Wednesday, November 11, 2009


On Tuesday, June 6th, 1944, at 0630, Allied forces began what would hold up as the largest amphibious military assault in history. Over the next several days, 175,000 Allied soldiers (approximately 89,000 American, 61,000 British, and 25,000 Canadian soldiers) stormed entrenched German coastal defenses held by 380,000 german defenders, during wind and high seas that made air support and naval landings problematic. The casualties among the first waves of landings were horrific, and the battles long and protracted, but by the end of D-Day, allied forces had captured their objectives at Juno Beach. The other landing sites would take longer, but were also ultimately successful. Not to be overlooked (as we tend to do), are the efforts of the French Resistance, whose intelligence helped make D-Day possible, and heroic acts of sabotage made German counter-attacks far weaker than they would otherwise have been.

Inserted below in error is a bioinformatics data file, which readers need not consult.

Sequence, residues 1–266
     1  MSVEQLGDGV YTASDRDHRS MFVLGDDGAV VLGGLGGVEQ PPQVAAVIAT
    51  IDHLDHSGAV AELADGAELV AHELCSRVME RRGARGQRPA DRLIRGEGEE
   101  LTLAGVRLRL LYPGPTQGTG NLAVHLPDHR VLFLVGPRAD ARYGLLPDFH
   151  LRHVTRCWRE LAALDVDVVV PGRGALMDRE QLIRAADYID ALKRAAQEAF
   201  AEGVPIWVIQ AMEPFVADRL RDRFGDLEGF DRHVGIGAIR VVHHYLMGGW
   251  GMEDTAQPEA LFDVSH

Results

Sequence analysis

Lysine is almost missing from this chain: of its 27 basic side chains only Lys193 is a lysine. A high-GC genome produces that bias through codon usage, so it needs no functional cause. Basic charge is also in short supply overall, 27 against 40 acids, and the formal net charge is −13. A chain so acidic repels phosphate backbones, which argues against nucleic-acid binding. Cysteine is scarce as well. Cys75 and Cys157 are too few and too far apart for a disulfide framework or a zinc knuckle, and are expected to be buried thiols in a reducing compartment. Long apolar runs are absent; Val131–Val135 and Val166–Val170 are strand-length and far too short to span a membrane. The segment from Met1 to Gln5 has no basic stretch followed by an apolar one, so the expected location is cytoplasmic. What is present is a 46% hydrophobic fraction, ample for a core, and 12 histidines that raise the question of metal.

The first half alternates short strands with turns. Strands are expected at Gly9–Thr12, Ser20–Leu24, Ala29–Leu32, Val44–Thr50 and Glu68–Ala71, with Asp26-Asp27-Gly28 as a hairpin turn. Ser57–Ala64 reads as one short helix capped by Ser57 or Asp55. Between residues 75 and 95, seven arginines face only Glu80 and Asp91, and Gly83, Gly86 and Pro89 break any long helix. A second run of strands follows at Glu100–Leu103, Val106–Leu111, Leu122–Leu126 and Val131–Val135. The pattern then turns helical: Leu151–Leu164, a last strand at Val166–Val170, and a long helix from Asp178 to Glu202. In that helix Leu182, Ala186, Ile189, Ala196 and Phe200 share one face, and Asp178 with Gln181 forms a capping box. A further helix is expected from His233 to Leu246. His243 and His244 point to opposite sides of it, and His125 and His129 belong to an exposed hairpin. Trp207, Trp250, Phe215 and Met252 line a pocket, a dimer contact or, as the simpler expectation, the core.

One day has become symbolic in our minds for the sacrifices of so many over the last century. The soldiers that have given their lives for freedom in those conflicts were products of a society that I doubt would show the same mettle if pressed to do so today. We make the wars in Afghanistan and Iraq sound like great conflicts and our losses there devastating, but that one day in World War 2 cost almost as many allied lives as 7 years in those places. We don't know what it is to sacrifice or fight anymore.I leave you with a poem from a WWI Canadian soldier that nearly every Canadian can recite parts of by rote.

In Flanders fields the poppies blow
Between the crosses, row on row,
That mark our place; and in the sky
The larks, still bravely singing, fly
Scarce heard amid the guns below.

We are the dead. Short days ago
We lived, felt dawn, saw sunset glow,
Loved, and were loved, and now we lie
In Flanders fields.

Take up our quarrel with the foe:
To you from failing hands we throw
The torch; be yours to hold it high.
If ye break faith with us who die
We shall not sleep, though poppies grow
In Flanders fields.

— Lt.-Col. John McCrae (1872 - 1918)

On November 11th every year, you will see nearly every Canadian wearing a little poppy pin on in rememberance of those who gave everything to make the world safer for the rest of us. Before you ever consider trading away even one of our individual freedoms, even the seemingly least significant of them, for any reason at all, think on how many died for us to have them.

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